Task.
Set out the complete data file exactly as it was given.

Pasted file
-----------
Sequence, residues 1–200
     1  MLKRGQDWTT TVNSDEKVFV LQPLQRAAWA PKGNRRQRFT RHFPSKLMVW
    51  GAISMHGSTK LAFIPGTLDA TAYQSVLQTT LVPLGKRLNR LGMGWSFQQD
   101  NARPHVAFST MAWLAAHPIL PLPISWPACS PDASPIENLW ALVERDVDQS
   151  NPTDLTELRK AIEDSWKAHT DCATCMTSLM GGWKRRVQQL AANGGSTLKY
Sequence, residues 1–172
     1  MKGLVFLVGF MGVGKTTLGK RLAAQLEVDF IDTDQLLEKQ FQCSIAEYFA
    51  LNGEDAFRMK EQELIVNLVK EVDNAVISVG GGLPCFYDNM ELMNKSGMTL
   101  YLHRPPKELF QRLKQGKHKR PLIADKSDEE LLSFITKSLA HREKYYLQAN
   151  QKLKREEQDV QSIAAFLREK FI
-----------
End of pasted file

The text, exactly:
Sequence, residues 1–200
     1  MLKRGQDWTT TVNSDEKVFV LQPLQRAAWA PKGNRRQRFT RHFPSKLMVW
    51  GAISMHGSTK LAFIPGTLDA TAYQSVLQTT LVPLGKRLNR LGMGWSFQQD
   101  NARPHVAFST MAWLAAHPIL PLPISWPACS PDASPIENLW ALVERDVDQS
   151  NPTDLTELRK AIEDSWKAHT DCATCMTSLM GGWKRRVQQL AANGGSTLKY
Sequence, residues 1–172
     1  MKGLVFLVGF MGVGKTTLGK RLAAQLEVDF IDTDQLLEKQ FQCSIAEYFA
    51  LNGEDAFRMK EQELIVNLVK EVDNAVISVG GGLPCFYDNM ELMNKSGMTL
   101  YLHRPPKELF QRLKQGKHKR PLIADKSDEE LLSFITKSLA HREKYYLQAN
   151  QKLKREEQDV QSIAAFLREK FI